What’s in a Name? Geek vs. Consumer

Mae : Wireless Mobility Blog
| News and views on everything wireless and mobile, from WiFi and WiMAX to 3G and fixed-mobile convergence (FMC).

What’s in a Name? Geek vs. Consumer

I was chatting recently with Art Rosenberg, author of the Unified View column, and he mentioned—as he often has before—that the adoption of new technology could be aided if only those developing said technology could come up with a single term to describe it. Art’s point was that end-users (whether they be enterprises or individuals) tend to get confused when people use several different terms to describe the same technology.

For example: Is it "unified communications" or "unified messaging"? Is it "Voice Over IP," VoIP (abbreviation that takes on its own life), or "Internet telephony"? When two or more terms refer to the same thing, it can make it harder to figure out just exactly what is being talked about, anyway.

It may even be possible that geeky- or boring-sounding names for technological device or topics may chase away people who aren’t technology lovers but just want products or services that make their lives easier. (Geeky: VoIP. Boring: Net Neutrality.)

I agree with Art about the name thing, but I do think it may be a somewhat minor point.  In my opinion, it’s not so much what’s in a name, but what’s in the actual thing being named.

Fixed-mobile convergence (FMC) technology is a good example. In case you’re not familiar, this is what some in the telecommunications industry think is the next big thing: technology that allows a single handset to seamlessly roam between cellular and VoIP/WiFi networks.

For a self-proclaimed geek like me, FMC is just the coolest thing. Imagine it: harnessing the power of the Internet to access cheap minutes while at home, and then picking up a signal from a cellular tower when I leave my house. I mean, isn’t it just amazing that these two kinds of technologies can be tied together in this way?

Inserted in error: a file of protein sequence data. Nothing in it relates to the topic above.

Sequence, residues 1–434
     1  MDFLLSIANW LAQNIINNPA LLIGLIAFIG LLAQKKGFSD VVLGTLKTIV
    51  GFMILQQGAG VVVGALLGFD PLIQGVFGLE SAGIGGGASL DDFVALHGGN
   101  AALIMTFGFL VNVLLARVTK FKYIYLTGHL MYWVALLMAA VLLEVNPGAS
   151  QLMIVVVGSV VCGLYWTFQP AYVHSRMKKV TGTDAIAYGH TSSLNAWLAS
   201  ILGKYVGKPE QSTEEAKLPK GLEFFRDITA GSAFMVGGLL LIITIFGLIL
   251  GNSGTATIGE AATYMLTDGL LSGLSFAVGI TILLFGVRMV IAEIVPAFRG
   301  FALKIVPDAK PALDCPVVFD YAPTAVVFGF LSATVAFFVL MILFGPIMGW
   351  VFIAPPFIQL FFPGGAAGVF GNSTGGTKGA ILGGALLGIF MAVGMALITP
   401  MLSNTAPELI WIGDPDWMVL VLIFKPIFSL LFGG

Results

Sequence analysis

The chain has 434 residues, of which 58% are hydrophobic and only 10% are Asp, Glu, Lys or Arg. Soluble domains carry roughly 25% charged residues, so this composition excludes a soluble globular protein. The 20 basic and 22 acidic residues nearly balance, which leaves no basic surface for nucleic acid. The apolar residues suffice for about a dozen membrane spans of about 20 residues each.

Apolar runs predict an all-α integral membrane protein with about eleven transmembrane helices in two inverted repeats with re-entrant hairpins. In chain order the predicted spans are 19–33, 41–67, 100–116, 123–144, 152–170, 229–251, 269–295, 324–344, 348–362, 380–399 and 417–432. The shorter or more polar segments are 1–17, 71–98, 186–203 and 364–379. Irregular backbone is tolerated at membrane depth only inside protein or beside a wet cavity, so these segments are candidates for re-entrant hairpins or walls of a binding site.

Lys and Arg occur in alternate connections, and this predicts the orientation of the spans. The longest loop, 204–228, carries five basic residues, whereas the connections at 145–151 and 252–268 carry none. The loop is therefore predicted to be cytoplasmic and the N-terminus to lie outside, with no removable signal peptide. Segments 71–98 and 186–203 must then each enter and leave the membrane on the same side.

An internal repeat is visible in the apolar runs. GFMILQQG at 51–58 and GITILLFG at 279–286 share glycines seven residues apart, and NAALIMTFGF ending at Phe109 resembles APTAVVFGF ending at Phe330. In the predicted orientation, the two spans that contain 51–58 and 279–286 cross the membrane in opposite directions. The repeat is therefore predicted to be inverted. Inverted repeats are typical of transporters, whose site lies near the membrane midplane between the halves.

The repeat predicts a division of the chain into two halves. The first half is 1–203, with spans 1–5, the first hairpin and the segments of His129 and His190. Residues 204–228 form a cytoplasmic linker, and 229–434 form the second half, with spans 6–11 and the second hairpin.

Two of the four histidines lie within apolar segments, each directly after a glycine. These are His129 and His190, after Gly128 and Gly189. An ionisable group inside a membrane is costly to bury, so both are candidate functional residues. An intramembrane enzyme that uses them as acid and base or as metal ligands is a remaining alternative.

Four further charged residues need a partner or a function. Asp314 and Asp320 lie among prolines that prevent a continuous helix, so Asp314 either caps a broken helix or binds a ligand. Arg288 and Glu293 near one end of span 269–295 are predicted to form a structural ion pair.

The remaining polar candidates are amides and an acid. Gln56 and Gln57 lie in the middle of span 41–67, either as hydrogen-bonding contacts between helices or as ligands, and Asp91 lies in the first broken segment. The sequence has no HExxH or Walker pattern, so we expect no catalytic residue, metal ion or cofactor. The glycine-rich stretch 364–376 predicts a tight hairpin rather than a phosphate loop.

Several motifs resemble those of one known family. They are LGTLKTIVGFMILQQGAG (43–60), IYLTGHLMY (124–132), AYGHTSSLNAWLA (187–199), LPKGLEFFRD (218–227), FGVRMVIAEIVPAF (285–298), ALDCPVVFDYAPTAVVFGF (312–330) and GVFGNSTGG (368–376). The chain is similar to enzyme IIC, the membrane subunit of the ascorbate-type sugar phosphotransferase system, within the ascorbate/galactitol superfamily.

For the average consumer, though, my fascination with FMC is probably a mystery. Most people just want a phone that works. They’ve gotten used to having a landline at home and a cellphone for elsewhere. Maybe they are interested in saving money or cutting down on the number of electronic devices that clutter up their house, but they really couldn’t care less about the technology that might deliver such functionality.

Actually, I’m a consumer too. I love tech, but I’m busy. I don’t always need to know exactly how every cool device works, but I do want/need to know what that device can do for me.

From this perspective, FMC is also really cool, but for a totally different reason. You mean, I could have one phone and talk on it anywhere, at home or while on the road? That would be sweet. Even better if it saved me money.

What do you think?